Thursday, August 9, 2012

Raising Financially Confident Kids

I know I said I’d be reviewing books and such every other week, but I had the opportunity to review two great books from Revell—one fiction, one nonfiction—but both reviews needed to be posted during the same week. I decided to go for it. Today, we’ll hit the nonfiction and tomorrow, you’ll get an Extra Edition.

I picked up Raising Financially Confident Kids by Mary Hunt because educating my children about finances is very important to me and I want to start now, while they are very young.

I do not want my children to grow up with a sense of entitlement. I want them to walk around each day with a profound sense of gratitude and a heart bent toward sharing with others. (I want that for myself as well!)

I had some specific things I wanted to take away from the book (how do you talk to your preschooler about money, when do you start allowances, what about those tricky teen years) but honestly, I did not expect to enjoy reading it.

We’ve been through Dave Ramsey’s Financial Peace University. Our only debt is our mortgage. (Boy, that feels so good to say after carrying two mortgages for seventeen months!!)

I don’t need to be convinced that debt is bad for your relationships, and that debt free living allows you to better serve the Kingdom.
I’m already sold.

So I sort of expected to skim over the “yeah, we’re already doing that” parts and focus on the sections that applied to me.

I didn’t do much skimming.

Raising Financially Confident Kids was not only packed with useful information, it was a very enjoyable and quick read - it even has a great twist at the end!
There are chapters for all stages of development, and great advice on shielding our children from consumerism and tearing down attitudes of entitlement. I’ll be pulling this out again as my kids get older to refresh my memory on how to explain things like compound interest and helping them see the “lie” in advertisements (if you have this toy you’ll be popular, etc.). And my kids are going to start hearing me use this line, "We don't choose to spend our money that way," a lot!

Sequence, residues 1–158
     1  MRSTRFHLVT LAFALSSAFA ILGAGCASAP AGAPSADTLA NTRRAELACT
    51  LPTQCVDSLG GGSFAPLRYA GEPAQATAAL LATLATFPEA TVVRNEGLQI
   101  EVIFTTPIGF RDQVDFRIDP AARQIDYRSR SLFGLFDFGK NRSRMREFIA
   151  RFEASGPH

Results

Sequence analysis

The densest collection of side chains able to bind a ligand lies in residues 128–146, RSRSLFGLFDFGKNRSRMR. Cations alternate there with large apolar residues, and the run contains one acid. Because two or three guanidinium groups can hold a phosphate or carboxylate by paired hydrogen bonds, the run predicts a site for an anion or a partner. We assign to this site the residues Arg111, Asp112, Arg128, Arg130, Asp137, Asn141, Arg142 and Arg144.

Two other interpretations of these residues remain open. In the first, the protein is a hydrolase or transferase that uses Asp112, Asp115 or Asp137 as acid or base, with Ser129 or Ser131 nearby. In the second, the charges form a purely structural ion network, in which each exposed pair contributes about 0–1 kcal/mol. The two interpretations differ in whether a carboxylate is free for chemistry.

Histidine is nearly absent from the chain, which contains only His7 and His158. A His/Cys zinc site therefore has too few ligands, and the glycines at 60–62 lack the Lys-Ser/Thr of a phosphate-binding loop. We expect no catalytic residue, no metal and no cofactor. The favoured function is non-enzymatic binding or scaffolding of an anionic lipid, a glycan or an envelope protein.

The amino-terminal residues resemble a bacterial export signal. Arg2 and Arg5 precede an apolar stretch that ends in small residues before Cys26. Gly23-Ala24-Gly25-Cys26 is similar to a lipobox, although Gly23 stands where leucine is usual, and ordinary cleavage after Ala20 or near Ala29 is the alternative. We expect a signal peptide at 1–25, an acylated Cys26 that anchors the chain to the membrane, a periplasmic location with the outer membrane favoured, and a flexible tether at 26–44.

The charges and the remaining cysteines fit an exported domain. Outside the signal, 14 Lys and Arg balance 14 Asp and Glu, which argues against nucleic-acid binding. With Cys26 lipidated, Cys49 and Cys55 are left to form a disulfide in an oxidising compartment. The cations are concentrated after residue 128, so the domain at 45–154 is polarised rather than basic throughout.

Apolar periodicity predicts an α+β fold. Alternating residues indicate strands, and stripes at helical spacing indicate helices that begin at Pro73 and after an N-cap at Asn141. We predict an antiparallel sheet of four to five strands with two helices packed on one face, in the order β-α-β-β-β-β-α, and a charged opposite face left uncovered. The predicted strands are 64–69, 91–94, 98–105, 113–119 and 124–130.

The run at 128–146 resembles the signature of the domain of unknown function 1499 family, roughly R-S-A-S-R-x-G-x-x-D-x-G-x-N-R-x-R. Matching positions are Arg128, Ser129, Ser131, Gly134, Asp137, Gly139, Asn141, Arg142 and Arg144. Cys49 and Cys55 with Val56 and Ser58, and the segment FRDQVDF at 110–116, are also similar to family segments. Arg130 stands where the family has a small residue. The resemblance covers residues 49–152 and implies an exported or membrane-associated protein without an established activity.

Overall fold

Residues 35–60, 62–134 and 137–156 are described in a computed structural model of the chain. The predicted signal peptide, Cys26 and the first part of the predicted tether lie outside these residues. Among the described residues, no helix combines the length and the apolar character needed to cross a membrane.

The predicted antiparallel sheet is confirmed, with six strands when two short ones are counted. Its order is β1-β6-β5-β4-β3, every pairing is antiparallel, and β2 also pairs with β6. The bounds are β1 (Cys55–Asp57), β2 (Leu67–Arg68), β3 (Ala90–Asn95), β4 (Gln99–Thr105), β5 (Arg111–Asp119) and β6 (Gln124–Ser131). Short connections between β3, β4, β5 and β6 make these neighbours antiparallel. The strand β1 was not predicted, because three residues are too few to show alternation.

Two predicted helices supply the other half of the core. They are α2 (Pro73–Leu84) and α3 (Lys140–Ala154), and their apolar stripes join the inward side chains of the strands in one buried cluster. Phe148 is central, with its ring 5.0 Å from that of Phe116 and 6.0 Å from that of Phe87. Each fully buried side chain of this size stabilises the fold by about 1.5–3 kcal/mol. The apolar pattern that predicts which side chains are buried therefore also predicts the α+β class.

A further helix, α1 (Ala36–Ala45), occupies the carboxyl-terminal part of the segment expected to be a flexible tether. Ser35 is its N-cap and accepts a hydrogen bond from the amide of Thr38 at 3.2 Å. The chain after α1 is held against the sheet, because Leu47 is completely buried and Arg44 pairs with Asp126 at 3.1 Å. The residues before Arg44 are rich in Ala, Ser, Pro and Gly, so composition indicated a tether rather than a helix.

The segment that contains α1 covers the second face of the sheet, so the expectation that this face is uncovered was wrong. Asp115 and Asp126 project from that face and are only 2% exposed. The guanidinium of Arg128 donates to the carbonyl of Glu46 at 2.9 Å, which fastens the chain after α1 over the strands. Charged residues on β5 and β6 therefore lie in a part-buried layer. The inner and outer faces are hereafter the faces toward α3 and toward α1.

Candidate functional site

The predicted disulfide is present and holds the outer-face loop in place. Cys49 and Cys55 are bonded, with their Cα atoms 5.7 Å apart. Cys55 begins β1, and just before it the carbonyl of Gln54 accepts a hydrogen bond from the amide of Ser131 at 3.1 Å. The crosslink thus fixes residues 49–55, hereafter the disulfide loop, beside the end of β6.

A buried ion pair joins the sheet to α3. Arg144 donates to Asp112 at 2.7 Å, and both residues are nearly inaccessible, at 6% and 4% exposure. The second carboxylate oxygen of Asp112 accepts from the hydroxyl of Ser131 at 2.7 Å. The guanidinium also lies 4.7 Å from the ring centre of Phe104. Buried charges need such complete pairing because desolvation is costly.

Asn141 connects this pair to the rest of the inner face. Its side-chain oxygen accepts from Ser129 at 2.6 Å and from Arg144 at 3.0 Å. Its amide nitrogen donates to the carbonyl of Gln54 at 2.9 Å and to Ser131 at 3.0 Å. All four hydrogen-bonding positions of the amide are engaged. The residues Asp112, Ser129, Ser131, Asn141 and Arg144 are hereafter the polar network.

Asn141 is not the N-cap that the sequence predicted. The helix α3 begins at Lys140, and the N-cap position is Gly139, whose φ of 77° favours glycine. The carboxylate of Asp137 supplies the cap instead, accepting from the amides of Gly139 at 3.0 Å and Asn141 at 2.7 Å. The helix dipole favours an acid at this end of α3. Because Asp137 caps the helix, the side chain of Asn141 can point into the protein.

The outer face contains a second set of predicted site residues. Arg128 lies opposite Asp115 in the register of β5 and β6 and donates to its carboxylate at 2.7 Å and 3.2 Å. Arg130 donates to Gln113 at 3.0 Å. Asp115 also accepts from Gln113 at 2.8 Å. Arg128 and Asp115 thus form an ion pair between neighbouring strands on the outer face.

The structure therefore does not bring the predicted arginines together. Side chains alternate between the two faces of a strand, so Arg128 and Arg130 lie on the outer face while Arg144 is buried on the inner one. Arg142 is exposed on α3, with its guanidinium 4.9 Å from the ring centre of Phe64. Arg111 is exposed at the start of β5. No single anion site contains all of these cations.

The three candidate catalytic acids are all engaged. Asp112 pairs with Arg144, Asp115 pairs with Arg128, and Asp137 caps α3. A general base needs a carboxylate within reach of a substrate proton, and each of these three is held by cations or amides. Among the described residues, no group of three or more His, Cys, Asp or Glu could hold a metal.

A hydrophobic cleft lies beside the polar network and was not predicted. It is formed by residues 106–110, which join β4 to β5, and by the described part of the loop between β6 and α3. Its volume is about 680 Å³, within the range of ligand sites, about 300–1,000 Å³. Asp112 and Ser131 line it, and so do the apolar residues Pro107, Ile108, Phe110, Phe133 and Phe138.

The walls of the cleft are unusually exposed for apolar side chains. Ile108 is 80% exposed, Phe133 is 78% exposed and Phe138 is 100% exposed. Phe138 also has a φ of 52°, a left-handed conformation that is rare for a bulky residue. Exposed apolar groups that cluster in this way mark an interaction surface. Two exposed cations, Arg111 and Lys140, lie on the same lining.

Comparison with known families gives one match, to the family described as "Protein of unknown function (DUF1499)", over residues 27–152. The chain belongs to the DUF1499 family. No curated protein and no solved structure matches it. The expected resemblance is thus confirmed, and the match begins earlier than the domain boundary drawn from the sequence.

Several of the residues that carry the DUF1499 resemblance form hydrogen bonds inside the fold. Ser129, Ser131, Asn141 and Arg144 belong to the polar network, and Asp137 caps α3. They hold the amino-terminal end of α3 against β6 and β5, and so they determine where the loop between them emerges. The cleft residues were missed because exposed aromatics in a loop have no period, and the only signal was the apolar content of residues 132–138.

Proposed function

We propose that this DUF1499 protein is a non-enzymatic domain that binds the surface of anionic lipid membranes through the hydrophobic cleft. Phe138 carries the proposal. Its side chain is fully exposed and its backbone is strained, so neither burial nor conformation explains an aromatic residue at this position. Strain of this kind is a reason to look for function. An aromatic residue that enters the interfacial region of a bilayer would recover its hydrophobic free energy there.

The “salary” plan she implemented with her own boys over twenty years ago intrigued and terrified me! It’s hard to argue with the results, and it certainly gave her sons the opportunity to learn how to manage money while still in the safety net of the home. I’m a few years away from that point with my own sons, but I can see us using a version of this method down the road.

I highly recommend Raising Financially Confident Kids to parents of children of all ages.

Available August 2012 at your favorite bookseller from Revell, a division of Baker Publishing Group.

The super fine print: The fine folks at Revell sent me a copy of this book in exchange for my honest opinion. I was not required to give a positive review.


Debra Koontz Traverso said...

If children go to college, and until they get their own jobs, parents will still be discussing money together, so sounds like this book could be useful for parents for a LOT of years. I like this: "I don't choose to spend my money that way." Thanks Lynn!

Ellen Andersen said...

So true, Lynn. Being debt-free makes such a difference in our lives.Teaching your kids to be financially savvy at an early age sounds like a great way to go.

Having lived under a mountain of debt, and having gotten out of it now, I know from experience what a stress-reliever it is.

Vonda Skelton said...

Sounds like a great book--and so needed! Many children today, more than ever, have an entitlement mentality. What a hard road that paves for adulthood...and in more ways than just financial!

Lynn Huggins Blackburn said...

Deb - You are so right! Many, many years!
Ellen - I hope my kids never experience the pressure of being under a lot of debt. Congrats for getting out from under the load!!
Vonda - "in more ways than just financial" - indeed. :-)

Thanks all!